Are austerity cuts creating a two-tier education system?

As debate rages over the issue of standards on university courses, many argue it needs to examine the impact of budget cuts and funding

Social work students
Photo: David Oxberry/Mood Board/Rex (posed by models)

Questions around how you make a good social worker are by no means new, nor are they straightforward.

But when an academic recently confessed to resigning in despair at the poor practice going on at their university, the article poured fuel on the embers of a long-burning debate about the standards of social work courses and the calibre of graduates emerging from them.

Amid this hubbub of debate, it is difficult to escape the audible clinking of coins.

So what is the cost of social work education as it stands?

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Undergraduate Postgraduate Step Up to Social Work Frontline Think Ahead
How long is it? 3 years full time 2 years full time 14 months 5 weeks’ intensive summer institute, 2 years in a local authority 6 weeks’ intensive summer institute, 2 years in a local authority or NHS trust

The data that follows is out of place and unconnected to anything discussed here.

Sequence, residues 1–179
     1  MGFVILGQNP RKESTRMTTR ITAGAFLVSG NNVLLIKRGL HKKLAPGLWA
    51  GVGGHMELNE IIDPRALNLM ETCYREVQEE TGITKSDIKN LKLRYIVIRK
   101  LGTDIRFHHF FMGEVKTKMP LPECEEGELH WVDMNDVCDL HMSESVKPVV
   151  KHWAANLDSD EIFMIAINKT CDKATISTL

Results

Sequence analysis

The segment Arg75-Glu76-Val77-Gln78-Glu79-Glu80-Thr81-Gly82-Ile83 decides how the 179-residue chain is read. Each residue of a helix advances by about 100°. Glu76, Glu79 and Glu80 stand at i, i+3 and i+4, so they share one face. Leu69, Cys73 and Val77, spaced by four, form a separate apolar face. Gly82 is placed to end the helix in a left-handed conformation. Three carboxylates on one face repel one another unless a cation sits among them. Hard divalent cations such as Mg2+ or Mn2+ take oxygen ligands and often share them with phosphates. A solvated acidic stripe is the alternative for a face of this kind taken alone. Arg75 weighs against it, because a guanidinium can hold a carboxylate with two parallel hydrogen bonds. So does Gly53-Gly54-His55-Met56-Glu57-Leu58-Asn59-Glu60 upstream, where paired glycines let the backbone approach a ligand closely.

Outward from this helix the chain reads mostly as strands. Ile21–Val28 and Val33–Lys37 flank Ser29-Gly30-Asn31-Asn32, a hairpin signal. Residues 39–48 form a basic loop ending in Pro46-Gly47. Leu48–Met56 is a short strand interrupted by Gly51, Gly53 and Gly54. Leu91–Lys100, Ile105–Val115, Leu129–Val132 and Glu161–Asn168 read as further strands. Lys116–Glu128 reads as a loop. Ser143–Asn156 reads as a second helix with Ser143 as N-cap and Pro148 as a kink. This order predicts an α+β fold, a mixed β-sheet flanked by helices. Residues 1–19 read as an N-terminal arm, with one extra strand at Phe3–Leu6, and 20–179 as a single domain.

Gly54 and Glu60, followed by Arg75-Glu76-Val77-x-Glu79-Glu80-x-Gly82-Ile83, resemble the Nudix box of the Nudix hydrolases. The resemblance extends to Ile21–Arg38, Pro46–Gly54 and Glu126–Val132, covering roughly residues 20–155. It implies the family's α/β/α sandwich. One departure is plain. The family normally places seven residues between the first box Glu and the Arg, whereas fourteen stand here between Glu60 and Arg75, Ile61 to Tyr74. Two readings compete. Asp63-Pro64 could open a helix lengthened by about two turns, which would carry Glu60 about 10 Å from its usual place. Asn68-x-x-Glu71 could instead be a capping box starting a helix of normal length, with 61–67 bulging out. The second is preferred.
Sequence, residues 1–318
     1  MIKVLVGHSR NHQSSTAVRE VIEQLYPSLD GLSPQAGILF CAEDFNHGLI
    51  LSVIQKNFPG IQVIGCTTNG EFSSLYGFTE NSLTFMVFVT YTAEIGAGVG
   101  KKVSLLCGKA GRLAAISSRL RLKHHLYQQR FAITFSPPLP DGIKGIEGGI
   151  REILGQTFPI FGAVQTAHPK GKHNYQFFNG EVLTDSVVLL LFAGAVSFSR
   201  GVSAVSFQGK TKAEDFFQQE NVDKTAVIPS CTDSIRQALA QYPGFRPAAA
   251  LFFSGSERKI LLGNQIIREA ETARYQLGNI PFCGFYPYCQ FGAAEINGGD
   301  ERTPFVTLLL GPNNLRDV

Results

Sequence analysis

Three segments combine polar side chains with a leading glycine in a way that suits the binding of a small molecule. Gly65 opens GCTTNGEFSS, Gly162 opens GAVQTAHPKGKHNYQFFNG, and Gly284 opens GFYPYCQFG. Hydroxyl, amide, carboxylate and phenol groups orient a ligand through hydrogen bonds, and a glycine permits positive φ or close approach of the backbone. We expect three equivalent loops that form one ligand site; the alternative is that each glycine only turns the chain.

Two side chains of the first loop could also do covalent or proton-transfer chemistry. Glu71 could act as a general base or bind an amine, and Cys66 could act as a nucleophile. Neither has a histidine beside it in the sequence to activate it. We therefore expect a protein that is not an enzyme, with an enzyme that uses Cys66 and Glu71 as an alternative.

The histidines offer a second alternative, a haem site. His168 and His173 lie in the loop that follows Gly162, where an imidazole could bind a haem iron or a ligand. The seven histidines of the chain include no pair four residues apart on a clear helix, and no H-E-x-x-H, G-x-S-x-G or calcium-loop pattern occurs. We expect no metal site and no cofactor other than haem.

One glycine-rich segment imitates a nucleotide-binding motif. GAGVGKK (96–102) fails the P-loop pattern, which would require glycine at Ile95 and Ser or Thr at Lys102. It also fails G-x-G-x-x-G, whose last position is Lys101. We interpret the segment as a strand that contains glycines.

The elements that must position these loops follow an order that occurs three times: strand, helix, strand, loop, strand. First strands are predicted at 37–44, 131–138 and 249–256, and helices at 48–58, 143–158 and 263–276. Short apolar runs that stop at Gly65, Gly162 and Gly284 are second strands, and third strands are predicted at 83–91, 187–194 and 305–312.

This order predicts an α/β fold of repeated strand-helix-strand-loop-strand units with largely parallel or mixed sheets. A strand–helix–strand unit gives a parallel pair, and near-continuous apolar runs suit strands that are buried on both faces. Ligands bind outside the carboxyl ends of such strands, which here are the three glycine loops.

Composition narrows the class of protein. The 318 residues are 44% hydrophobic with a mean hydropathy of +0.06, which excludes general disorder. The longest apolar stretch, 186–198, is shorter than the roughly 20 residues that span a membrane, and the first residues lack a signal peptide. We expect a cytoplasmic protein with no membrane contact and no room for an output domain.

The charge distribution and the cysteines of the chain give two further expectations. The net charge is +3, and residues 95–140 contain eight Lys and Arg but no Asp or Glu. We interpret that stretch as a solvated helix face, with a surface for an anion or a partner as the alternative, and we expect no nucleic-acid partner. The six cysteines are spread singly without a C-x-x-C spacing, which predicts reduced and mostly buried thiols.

Cost to trainees £9k a year Universities set their own rates but are usually around £6.5k a year £0 £0 £0
Funding available to trainees £5,262.50 in London and £4,862.50 outside London, for 2,500 eligible students. £3,762.50 in London and £3,362.50 outside London, for 1,500 eligible students. An additional tuition fee contribution of £4,052 can be paid directly to universities. £19,833 towards living costs £16-18k in the first year. In the second year trainees receive an NQSW salary Bursary equivalent to a salary of £22,000 in London and £19,000 outside London. In year 2 trainees receive an NQSW salary from their employing local authority or NHS trust